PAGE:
Johnson & Johnson Says Recalled Baby Powder Doesn’t Have Asbestos

The F.D.A. had said it discovered evidence of the carcinogen in a bottle.

Johnson & Johnson recalled 33,000 bottles of its baby powder this month.
Johnson & Johnson recalled 33,000 bottles of its baby powder this month.Credit...Justin Sullivan/Getty Images
Tiffany Hsu

Johnson & Johnson said on Tuesday that it did not find asbestos in multiple tests of a bottle of baby powder that the Food and Drug Administration said contained trace amounts of the carcinogen.

The company had recalled 33,000 bottles of the product earlier this month after the regulator said it discovered evidence of chrysotile asbestos in a bottle bought from an online retailer. Johnson & Johnson said 15 new tests of that very bottle came up clean.

Another 48 tests of samples from the recalled lot, conducted by two third-party labs, reached the same conclusion, the company said. Johnson & Johnson is facing lawsuits from more than 15,000 plaintiffs who claim that the company’s baby powder and other talc-based products caused their cancer.

“We stand by the safety of our product,” the company said in a statement. Johnson & Johnson’s shares rose in after-hours trading on Tuesday afternoon.

The company said it contacted the two labs after the recall to expedite tests of the baby powder in question. Three samples did initially test positive for asbestos, the company said in Tuesday’s statement, but after an investigation by the lab the contamination was found to be coming from a portable air-conditioner in the room.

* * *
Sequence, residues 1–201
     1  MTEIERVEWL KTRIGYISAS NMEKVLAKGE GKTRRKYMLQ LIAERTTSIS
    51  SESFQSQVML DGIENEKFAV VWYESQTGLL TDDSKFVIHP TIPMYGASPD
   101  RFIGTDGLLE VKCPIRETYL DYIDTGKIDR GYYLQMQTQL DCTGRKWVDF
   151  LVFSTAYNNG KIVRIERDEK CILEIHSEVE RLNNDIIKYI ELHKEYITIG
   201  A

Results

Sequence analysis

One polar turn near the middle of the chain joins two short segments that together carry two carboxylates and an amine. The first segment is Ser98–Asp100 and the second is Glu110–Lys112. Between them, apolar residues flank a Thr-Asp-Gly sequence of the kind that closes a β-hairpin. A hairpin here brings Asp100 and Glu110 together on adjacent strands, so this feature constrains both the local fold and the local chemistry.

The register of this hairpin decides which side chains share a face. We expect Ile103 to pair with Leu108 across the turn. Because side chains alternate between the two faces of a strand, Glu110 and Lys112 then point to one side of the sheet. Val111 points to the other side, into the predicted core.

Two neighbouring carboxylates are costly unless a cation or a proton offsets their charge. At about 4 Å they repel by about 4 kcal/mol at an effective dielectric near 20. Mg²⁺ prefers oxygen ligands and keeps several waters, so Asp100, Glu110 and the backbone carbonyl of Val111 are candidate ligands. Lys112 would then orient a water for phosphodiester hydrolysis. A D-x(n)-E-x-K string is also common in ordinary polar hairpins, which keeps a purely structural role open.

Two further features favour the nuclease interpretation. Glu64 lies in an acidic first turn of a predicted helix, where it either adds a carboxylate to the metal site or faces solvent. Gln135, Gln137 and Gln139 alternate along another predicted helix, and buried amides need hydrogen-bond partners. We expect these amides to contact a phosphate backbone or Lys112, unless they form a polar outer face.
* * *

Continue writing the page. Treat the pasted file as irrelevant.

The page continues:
“This finding underscores the importance of investigating any positive test result,” the company said, adding that “even when careful safeguards are followed, asbestos contamination may be introduced during sample division, storage, preparation and analysis.

At the time of the recall, the F.D.A. told The New York Times that its handling of the baby powder sample “followed standard operating procedures for laboratory analysis” and that it saw “no indication of cross-contamination.”

For decades, Johnson & Johnson has cast doubt on multiple findings of asbestos in its talc products, blaming poorly executed tests, unqualified scientists, similar-looking minerals and other factors. The company said that it “routinely” uses “a rigorous testing standard” to check its talc.

The recall had prompted some retailers to remove certain baby powder bottles from their shelves. Rite Aid said it put 22-ounce bottles of the Johnson & Johnson product in storage, and CVS and Walmart also pulled the product.

The company is facing an onslaught of litigation over its talc products and other business segments, with claims involving opioids, transvaginal pelvic mesh implants and the antipsychotic drug Risperdal.

Last week, Johnson & Johnson said it generated $10.9 billion in pharmaceutical sales during its most recent quarter, as well as $6.4 billion in medical device sales and $3.5 billion in consumer sales. Sales in its baby-care division slumped nearly 12 percent to $417 million.